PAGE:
The Paradox of growth Acceleration in Fish
Growth is a complex and tightly regulated process in fish. The growth hormone (GH) is a polypeptide playing a key role in the process of growth and is synthesized mainly by somatotrophos in the anterior pituitary gland. Release of GH from the pituitary gland is thought to be controlled primarily by hypothalamic factors. Once in the circulation, a substantial proportion of the GH appears to bind to a specific binding protein, probably responsible for the control of the hormone half life in the circulation. After binding to specific cell receptors, GH stimulates, primarily in the liver, Insulin-like growth factor (IGF-I and IGF-II) synthesis and secretion to elicit the growth promoting action in an autocrine and paracrine fashions. IGF also elicits a negative feedback on the secretion of GH in the pituitary gland in tilapia (Guillén et al., in press).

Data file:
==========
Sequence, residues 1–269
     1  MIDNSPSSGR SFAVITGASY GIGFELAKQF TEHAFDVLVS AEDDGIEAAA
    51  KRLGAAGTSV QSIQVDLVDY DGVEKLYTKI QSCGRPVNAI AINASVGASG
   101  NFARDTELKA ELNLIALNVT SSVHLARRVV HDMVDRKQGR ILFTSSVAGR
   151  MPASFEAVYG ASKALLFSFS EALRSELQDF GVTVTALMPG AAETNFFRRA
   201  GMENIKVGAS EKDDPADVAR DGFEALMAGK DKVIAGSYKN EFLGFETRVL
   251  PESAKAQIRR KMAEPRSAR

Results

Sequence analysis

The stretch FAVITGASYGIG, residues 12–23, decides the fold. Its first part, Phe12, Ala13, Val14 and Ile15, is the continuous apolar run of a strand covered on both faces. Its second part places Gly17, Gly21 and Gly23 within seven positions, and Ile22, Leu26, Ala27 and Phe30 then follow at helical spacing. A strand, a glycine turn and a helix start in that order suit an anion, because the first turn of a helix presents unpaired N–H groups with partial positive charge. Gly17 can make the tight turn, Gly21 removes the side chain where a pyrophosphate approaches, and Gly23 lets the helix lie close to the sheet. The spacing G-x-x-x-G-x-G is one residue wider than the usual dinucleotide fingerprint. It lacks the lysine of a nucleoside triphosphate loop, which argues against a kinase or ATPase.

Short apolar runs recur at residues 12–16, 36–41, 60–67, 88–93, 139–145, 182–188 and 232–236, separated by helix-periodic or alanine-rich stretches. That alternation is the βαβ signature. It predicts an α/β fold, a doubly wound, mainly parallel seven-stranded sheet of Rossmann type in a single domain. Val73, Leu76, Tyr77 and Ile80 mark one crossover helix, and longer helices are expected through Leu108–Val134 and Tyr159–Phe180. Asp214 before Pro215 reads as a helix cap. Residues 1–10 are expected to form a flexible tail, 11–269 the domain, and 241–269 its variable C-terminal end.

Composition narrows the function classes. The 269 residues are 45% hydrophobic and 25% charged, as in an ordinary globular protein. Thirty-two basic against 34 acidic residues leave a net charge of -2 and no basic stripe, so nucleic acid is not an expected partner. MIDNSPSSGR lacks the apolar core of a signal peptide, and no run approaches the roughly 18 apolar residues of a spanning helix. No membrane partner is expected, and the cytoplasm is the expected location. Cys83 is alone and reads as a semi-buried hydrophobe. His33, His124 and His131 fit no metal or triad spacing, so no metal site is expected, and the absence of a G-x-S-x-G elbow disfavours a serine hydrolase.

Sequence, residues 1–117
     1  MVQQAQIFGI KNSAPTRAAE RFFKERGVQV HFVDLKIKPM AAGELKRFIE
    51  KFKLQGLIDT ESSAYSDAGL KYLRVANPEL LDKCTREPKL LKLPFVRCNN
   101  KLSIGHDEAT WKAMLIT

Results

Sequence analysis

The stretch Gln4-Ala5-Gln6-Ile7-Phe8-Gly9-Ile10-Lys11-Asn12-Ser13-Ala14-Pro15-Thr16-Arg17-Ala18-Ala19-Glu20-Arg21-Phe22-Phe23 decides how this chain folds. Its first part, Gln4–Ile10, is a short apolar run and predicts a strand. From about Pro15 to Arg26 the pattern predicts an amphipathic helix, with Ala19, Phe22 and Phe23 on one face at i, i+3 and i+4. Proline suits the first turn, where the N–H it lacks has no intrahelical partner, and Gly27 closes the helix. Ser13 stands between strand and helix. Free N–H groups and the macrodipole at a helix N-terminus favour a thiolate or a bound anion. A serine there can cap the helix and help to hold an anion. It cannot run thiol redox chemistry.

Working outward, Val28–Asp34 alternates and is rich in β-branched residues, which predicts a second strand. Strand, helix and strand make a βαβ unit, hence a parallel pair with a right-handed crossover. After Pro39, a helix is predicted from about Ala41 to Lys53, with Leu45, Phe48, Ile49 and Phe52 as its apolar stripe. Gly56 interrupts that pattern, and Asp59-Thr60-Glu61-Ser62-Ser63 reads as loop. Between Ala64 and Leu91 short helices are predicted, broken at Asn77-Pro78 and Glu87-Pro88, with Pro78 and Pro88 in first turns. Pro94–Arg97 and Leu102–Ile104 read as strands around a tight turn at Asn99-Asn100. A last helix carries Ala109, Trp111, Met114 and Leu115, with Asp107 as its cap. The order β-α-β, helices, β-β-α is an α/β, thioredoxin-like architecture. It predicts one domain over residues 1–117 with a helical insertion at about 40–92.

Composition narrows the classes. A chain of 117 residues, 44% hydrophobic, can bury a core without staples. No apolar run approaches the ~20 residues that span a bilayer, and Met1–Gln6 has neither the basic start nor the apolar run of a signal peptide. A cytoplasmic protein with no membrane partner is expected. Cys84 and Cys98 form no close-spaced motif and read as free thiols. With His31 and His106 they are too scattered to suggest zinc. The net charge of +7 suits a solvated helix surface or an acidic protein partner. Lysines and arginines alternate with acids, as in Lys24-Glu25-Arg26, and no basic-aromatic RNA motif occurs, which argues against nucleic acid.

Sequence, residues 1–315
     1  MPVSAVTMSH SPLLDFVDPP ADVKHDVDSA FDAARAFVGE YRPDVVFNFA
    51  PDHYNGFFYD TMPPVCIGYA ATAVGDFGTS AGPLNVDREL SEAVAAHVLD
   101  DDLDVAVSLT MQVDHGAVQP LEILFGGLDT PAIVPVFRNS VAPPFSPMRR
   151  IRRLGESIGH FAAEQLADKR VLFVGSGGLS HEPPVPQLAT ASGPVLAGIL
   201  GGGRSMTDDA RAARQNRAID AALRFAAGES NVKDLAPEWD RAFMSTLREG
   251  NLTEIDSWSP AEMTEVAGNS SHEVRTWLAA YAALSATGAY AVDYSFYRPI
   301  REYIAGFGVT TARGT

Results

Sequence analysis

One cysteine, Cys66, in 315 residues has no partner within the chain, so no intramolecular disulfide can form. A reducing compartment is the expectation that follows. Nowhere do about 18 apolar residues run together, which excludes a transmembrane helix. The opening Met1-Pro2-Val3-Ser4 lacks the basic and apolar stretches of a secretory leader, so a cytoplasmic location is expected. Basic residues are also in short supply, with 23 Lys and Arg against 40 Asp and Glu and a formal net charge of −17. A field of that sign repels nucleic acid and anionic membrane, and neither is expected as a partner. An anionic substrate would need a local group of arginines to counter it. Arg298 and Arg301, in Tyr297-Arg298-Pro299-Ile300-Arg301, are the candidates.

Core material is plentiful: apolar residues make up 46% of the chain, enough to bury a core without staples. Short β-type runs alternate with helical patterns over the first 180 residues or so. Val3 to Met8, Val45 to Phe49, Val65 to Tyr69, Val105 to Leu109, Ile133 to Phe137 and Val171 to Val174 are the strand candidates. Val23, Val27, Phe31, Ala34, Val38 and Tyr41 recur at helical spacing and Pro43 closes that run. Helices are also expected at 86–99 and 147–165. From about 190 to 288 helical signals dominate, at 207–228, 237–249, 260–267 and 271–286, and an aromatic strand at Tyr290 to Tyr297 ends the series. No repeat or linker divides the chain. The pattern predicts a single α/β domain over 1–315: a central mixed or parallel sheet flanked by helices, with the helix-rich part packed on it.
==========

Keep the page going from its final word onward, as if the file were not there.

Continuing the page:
KeywordsGrowth Hormone Growth Hormone Level Rous Sarcoma Virus Growth Acceleration Specific Binding Protein
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